5. A lot of Abi's popularity stems from him being a likeable young dude. His sumo is a little one-dimensional, but can be spectacular when he is able to execute his oshi attacks. There have been a few crazy tournaments during what has to be considered a transistional period in professional sumo, but this one takes the cake. Takakeisho would be the only somewhat normal winner at this point, everyone else is pretty much an upset. The sheer chance of us ending the first tournament of the new decade with a win by Shodai, who for all his talent and promise has never even seemed close to fulfilling his potential up until now is baffling. He is also joined at the top by the guy on the last possible rank on the banzuke with Tokoshoryu. There is still five more days to go, though and both will face opposition tomorrow they have negative head to head records against (Shodai v Daeisho 2-3 career head to head, Tokoshoryu v Aoiyama 3-5). Three guys lag one win behind (Takakeisho, Yutakayama, Kagayaki), three more two (Hokotufuji, Terutsuyoshi, Tochiozan). That's going to be a heated finish I expect a few eliminators.
  6. Mario Balotelli apparently got subbed on in the 74th, got yellow carded in the 80th for a Foul, and then got sent off in the 81st for complaining...sb got that "why always me?!" pic on standby? Gotta love that guy.
  7. I'm entirely convinced that Takayasu as off now is not even a candidate for eight wins to keep Sekiwake. He just doesn't seem to be able to use his left arm. Takakeisho, Shodai and Tokoshoryu are leading with a 7-1. Terutsuyoshi, Kagayaki and Endo are in pursuit with 6-2 scores. Since Shodai and Takakeisho square of tomorrow, one will guarateed to stay in the lead and get Kachikoshi tomorrow. Tokoshoryu has Tsurugoshi as opponent, which should be a win since that guy is basically too injured to walk properly.
  8. Yokozuna is a tough job despite the privileges, and it is very complicated in regards to losing records. Even an Ozeki has the simple, yet clear cut consequence to a losing record that is the danger of demotion. A Yokozuna will very likely feel the pressure of retirement after a Makekoshi. Dropping out is the way around it, since the rank is protected, but the usage of it is limited. Both Mongolian Yokozuna don't have too many continues left, I'd think. If there was another (preferrably Japanese) Yokozuna in the making, voices calling for them would probably be way louder right now. Hakuho and Kakuryu both are very likely not at 100%. Almost no rikishi is. They probably went in thinking they could perform like a Yokozuna and realised they underestimated their own lack of form (maybe even injury), and dropped out, mostly to save face. It has happened and still does.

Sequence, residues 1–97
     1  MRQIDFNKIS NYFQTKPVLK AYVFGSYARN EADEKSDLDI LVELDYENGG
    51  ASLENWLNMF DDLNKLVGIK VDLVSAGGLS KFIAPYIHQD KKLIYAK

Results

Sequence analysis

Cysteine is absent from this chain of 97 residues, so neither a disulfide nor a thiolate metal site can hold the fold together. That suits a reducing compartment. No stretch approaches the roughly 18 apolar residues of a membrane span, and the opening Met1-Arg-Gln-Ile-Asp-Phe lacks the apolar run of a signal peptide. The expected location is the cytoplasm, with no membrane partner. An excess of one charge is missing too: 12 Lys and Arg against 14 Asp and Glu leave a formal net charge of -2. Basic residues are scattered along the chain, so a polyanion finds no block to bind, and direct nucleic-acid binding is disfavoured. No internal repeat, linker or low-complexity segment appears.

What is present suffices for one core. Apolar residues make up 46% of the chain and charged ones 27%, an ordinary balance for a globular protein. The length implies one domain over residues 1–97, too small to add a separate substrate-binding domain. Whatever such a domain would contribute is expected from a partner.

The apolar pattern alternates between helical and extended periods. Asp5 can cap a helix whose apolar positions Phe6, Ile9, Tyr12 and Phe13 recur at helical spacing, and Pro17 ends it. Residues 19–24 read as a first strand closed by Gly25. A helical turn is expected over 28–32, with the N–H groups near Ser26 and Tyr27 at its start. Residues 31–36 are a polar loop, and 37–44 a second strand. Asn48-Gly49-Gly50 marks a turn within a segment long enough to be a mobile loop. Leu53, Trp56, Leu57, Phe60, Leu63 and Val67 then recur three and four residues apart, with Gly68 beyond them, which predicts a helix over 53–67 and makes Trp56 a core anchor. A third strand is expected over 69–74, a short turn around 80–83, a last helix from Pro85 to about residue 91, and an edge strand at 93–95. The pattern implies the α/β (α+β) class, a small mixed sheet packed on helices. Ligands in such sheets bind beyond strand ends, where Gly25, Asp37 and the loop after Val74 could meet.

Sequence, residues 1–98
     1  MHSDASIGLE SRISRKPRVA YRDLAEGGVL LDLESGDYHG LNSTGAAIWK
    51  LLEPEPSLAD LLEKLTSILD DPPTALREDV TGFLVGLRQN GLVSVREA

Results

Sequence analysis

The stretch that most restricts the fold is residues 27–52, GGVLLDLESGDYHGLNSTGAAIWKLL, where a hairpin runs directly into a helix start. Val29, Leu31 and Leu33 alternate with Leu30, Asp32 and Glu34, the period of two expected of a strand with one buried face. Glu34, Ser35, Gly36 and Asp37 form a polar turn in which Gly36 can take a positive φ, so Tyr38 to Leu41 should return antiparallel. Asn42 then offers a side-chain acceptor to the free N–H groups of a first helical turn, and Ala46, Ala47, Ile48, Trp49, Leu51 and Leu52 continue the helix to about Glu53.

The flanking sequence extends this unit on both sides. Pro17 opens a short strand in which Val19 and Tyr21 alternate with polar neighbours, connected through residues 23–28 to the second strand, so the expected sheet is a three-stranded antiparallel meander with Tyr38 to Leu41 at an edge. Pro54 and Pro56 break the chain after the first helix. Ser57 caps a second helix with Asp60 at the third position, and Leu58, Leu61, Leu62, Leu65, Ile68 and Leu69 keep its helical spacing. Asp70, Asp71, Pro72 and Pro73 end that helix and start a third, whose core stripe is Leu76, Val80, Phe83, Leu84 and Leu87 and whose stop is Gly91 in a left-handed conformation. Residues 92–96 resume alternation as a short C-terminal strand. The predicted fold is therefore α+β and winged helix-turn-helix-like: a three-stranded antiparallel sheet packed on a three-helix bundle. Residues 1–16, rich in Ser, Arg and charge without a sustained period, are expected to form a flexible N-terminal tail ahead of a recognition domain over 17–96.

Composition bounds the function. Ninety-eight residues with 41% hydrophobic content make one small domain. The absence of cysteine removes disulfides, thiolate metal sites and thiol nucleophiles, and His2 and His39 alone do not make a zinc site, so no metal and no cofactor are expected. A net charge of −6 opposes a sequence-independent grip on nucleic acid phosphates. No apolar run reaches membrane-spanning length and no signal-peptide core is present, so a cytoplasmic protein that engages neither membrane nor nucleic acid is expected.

9. Sorry, just realised it didn't come accross nearly as sarcastic as it was meant to be.
  10. It was a perfect opportunity to impress on a new market and they blew it, heads had to roll. It was like farting at a business dinner, I assume.
  11. After four days, both Yokozuna are out of the tournament once more. It might be the beginning of the end for Kakuryu, who will be under a lot of pressure come March. Goeido is facing a serious danger of demotion, after a 1-3 start. Since he was 0-3 at first, he might draw some much needed confidence from yesterday's beautifully executed kubinage. Spotless 4-0 records: Hokotufuji, Shodai, Kagayaki and Terutsuyoshi. Hokotufuji got a fusensho (default win) because of Hakuho's withdrawal, but he also beat Kakuryu aswell as both Ozeki, Takakeisho and Goeido, in actual matches. Those 11 days are going to be very interesting.
  12. Two days in Hatsu 2020 and both Yokozuna have already lost to Endo. Hakuho's loss being the more spectacular one. I love this Sport! Edit: Madness continued with Kakuryu and Hakuho both dropping matches against Myogiryu and Hokotufuji. Hakuho has already dropped out of the tournament, not a good start to what he pronounced to be the final year of his career...
  13. I feel weird to admit it, but this flip-flop talk makes me remember the great footwear moments in Wrestling. My hands-down favourite is probably Funk getting chokeslammed out of his Tennis shoes. (Edit during Hell in a Cell between Taker and Mankind)
  14. Didn't Paul Orndorf wear flip-Flops while he beat up Vader?
  15. Ishiura got away with a violent outburst against junior stable member Hokaho. After a few heated Training bouts, both Rikishi exchanged fisticuffs for a bit. It happened in front of press and in the wake of quite a few forced retirements during the last few months because of violence scandal. Instead of being a minor interna affair, the incident became a pretty big public problem for Hakuho's student. The verdict is a month of 20% pay reduction for Ishiura, three months of 20% pay reduction for stable head Miyagino-oyakata. Both Ishiura and the junior Hokaho received stern warnings.